References

Liu, X. and Sakai, S.. 2002. Time domain analysis on the dynamic response of a flexible floating structure to waves. J. Eng. Mech., 128(1), 48–56.CrossRefGoogle Scholar
Ohyama, T. and Nadaoka, K.. 1991. Development of a ‘numerical wave tank’ in nonlinear and irregular wave field with non-reflecting boundaries. J. Jpn. Soc. Civil Eng., 429(II-15), 77–86.Google Scholar
Sakai, S. and Hanai, K.. 2002. Empirical formula of dispersion relation of waves in sea ice. In Ice in the Environment: Proceedings of the 16th IAHR International Symposium on Ice, Dunedin, New Zealand, 2–6 December 2002, Vol. 2. Dunedin, International Association of Hydraulic Engineering and Research, 327–335.Google Scholar
Squire, V.A. and Dixon, T.W.. 2000. An analytic model for wave propagation across a crack in an ice sheet. Int. J. Offshore Polar Eng., 10(3), 173–176.Google Scholar
Takatsuji, S. 2004. The characteristics of the sea ice flow distribution in the southern part of the Okhotsk Sea. (Master’s thesis, Hokkaido University.)Google Scholar
Figure 0

Fig. 1. Computation domain and the definition of the boundary conditions.

Figure 1

Fig. 2. Definition of the distinction index for the dynamic boundary conditions: the indices for the free surface are zero and for the ice floes are 1 to n, where n is the number of floes in the computational domain.

Figure 2

Fig. 3. The wave tank and experimental equipment.

Figure 3

Table 1. Model ice conditions

Figure 4

Fig. 4. Comparison of the wave celerity below the ice floes (case 1: thickness hi = 5 mm, length li = 0.5–4.0 m) between numerical results (open circles) and experimental data (closed circles) for the wave period T from 1.0 to 1.6 s.

Figure 5

Fig. 5. Same as Figure 4, but for case 2 (thickness hi = 20 mm, length li = 0.5–4.0 m).

Figure 6

Fig. 6. Comparison of the wave celerity obtained by the mean velocity of wave celerity below individual ice floes shown in Figure 4 (case 1: closed circles) and Figure 5 (case 2: open circles) between numerical results Cnum and experimental data Cexp.

Figure 7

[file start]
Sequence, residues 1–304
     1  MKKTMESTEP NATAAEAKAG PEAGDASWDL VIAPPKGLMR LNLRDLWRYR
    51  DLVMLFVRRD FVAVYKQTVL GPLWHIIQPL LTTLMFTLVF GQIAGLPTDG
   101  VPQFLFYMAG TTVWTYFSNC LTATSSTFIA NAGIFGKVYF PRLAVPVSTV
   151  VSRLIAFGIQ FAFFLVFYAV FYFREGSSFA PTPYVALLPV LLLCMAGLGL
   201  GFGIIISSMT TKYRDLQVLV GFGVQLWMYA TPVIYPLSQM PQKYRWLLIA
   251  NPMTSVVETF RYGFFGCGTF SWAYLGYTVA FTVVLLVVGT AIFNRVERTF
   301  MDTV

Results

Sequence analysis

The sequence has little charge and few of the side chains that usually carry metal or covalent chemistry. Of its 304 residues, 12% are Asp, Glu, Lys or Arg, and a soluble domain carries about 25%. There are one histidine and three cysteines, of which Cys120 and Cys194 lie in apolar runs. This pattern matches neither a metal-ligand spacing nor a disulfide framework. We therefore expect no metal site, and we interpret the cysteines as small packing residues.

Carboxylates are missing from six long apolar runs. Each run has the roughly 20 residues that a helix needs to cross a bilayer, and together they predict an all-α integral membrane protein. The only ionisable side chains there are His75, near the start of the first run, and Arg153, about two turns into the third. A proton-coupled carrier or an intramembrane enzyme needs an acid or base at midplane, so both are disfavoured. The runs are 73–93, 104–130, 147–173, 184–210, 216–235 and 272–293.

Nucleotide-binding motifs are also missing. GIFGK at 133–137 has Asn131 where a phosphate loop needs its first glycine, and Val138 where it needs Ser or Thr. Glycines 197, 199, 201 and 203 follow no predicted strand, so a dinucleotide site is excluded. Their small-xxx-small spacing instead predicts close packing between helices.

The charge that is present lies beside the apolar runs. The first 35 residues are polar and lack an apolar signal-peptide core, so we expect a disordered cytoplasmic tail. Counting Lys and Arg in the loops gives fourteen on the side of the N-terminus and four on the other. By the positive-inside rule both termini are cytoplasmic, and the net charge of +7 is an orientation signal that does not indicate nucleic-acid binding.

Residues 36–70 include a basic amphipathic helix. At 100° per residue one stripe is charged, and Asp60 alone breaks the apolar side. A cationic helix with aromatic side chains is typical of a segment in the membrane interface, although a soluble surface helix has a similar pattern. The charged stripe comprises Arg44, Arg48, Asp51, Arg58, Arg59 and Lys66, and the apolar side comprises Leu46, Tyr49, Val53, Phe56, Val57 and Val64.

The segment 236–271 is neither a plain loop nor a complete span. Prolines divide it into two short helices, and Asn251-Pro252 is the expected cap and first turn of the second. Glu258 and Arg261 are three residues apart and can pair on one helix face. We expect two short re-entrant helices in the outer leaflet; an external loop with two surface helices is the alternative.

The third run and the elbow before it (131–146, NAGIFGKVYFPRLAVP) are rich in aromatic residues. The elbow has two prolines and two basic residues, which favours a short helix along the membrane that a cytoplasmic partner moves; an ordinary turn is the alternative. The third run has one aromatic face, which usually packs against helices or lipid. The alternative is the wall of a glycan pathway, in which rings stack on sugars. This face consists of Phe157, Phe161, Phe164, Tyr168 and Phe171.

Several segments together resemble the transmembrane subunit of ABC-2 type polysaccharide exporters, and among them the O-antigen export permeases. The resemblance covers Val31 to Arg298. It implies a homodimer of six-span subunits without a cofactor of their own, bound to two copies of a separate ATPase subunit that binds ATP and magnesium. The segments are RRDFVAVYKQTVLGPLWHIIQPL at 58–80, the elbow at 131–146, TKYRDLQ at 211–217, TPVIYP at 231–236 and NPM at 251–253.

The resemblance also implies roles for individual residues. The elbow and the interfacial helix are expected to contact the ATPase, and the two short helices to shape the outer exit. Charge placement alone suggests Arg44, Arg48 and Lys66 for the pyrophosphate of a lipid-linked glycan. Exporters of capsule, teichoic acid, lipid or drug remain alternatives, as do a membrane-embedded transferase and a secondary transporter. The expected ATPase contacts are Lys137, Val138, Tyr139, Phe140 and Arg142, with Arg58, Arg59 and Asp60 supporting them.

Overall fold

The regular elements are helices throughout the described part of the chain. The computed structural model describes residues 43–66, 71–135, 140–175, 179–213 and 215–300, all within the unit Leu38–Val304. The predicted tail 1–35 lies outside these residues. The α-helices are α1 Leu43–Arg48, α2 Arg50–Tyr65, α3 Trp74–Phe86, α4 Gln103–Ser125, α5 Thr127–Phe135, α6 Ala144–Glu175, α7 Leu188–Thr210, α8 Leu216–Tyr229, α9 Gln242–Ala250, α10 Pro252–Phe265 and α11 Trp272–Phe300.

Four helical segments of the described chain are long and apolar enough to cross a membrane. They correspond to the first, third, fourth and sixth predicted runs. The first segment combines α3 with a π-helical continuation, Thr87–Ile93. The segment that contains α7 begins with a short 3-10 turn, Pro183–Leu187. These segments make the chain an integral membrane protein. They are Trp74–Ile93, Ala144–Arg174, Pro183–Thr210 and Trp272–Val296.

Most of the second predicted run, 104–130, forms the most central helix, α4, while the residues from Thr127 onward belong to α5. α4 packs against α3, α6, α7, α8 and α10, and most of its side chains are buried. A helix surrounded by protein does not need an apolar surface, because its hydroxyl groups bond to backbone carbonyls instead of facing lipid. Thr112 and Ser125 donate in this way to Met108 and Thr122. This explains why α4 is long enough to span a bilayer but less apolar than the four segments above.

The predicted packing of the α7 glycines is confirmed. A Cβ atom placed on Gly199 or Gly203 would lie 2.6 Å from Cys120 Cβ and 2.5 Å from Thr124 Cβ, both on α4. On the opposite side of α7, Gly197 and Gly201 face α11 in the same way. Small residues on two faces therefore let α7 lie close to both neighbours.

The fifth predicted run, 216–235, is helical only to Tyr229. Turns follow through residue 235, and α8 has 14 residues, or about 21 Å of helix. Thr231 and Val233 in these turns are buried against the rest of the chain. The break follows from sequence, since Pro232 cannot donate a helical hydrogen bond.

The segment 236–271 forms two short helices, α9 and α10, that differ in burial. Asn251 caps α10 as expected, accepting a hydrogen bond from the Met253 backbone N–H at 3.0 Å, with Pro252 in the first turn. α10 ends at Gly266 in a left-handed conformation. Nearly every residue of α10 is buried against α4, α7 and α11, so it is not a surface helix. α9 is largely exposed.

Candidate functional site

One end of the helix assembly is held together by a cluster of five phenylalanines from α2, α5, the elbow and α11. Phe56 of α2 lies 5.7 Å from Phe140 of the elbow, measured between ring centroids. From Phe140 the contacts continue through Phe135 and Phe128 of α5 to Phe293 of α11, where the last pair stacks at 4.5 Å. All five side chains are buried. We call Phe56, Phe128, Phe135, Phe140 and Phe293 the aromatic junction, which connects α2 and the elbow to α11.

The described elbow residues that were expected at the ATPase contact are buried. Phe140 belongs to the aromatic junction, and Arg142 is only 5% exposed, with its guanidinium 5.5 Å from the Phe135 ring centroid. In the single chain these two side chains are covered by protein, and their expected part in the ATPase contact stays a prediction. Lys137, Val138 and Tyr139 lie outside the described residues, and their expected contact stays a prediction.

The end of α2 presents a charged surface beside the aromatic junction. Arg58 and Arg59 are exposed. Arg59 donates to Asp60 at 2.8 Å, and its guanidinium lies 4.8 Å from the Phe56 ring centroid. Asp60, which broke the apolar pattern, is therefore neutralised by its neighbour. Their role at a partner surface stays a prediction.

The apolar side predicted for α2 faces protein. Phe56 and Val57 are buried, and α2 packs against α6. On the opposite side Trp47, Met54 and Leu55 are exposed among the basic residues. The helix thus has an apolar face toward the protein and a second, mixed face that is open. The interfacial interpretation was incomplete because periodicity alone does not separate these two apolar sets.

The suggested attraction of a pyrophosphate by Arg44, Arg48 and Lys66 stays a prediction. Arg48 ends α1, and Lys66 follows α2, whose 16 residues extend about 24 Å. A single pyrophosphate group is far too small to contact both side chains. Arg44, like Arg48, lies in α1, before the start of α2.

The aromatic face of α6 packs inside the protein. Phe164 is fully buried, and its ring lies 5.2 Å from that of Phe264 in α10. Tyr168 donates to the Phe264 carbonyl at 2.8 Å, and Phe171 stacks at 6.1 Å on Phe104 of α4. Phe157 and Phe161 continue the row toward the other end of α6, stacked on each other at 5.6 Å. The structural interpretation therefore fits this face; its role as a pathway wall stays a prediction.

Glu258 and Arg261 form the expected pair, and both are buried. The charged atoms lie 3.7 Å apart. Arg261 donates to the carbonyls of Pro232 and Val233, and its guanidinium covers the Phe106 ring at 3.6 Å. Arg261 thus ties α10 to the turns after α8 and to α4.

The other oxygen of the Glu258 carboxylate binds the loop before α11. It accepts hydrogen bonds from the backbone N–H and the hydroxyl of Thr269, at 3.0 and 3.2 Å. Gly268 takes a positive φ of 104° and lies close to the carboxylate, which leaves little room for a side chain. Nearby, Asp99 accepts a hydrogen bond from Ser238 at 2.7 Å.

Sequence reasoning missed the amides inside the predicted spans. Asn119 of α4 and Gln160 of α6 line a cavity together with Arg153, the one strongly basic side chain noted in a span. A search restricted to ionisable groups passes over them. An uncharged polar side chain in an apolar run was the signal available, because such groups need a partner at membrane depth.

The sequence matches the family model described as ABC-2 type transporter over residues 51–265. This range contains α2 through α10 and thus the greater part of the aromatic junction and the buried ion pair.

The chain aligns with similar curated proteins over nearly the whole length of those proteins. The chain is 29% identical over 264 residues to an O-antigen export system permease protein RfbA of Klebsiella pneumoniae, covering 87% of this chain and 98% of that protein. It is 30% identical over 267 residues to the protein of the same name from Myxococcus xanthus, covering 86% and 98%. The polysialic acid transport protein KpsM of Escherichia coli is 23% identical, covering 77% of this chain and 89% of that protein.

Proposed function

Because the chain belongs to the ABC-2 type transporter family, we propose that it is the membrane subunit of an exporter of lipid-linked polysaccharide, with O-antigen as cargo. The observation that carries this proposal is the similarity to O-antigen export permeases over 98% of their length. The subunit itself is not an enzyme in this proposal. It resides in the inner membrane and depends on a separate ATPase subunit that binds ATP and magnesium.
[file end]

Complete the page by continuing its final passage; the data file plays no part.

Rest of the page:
Fig. 7. Comparisons of the temporal displacement of four ice plates (case 3: length li = 2 m for all plates, thickness hi = 20, 5, 20, 5 mm) between the numerical results (solid line) and experimental data (dashed line).

Figure 8

Fig. 8. Comparisons of the wave celerity below the four ice plates between the numerical results (closed circles) and experimental data (open circles) for case 3.

Figure 9

Fig. 9. Image of ice floes captured by Landsat 7 satellite (Takatsuji, 2004).

Figure 10

Fig. 10. Relationship between the diameter and the cumulative number of ice floes, obtained by image analysis and presented by Takatsuji (2004).

Figure 11

Table 2. Ice-floe conditions determined by observation in the southern Sea of Okhotsk: li is length, hi is thickness, Ei is elastic modulus and ρi is density

Figure 12

Fig. 11. Temporal changes of the spatial profile of ice-floe deformation at times t = 10, 15, 20 and 25 s, calculated for the sea ice of the southern Sea of Okhotsk.

You have Access
4
Cited by

Send article to Kindle

To send this article to your Kindle, first ensure no-reply@cambridge.org is added to your Approved Personal Document E-mail List under your Personal Document Settings on the Manage Your Content and Devices page of your Amazon account. Then enter the ‘name’ part of your Kindle email address below. Find out more about sending to your Kindle. Find out more about sending to your Kindle.

Note you can select to send to either the @free.kindle.com or @kindle.com variations. ‘@free.kindle.com’ emails are free but can only be sent to your device when it is connected to wi-fi. ‘@kindle.com’ emails can be delivered even when you are not connected to wi-fi, but note that service fees apply.

Find out more about the Kindle Personal Document Service.

Numerical analysis of the characteristics of waves propagating in arbitrary ice-covered sea
Available formats
×

Send article to Dropbox

To send this article to your Dropbox account, please select one or more formats and confirm that you agree to abide by our usage policies. If this is the first time you use this feature, you will be asked to authorise Cambridge Core to connect with your <service> account. Find out more about sending content to Dropbox.

Numerical analysis of the characteristics of waves propagating in arbitrary ice-covered sea
Available formats
×

Send article to Google Drive

To send this article to your Google Drive account, please select one or more formats and confirm that you agree to abide by our usage policies. If this is the first time you use this feature, you will be asked to authorise Cambridge Core to connect with your <service> account. Find out more about sending content to Google Drive.

Numerical analysis of the characteristics of waves propagating in arbitrary ice-covered sea
Available formats
×
×

Reply to: Submit a response

Please enter your response.

Your details

Please enter a valid email address.

Conflicting interests

Do you have any conflicting interests? *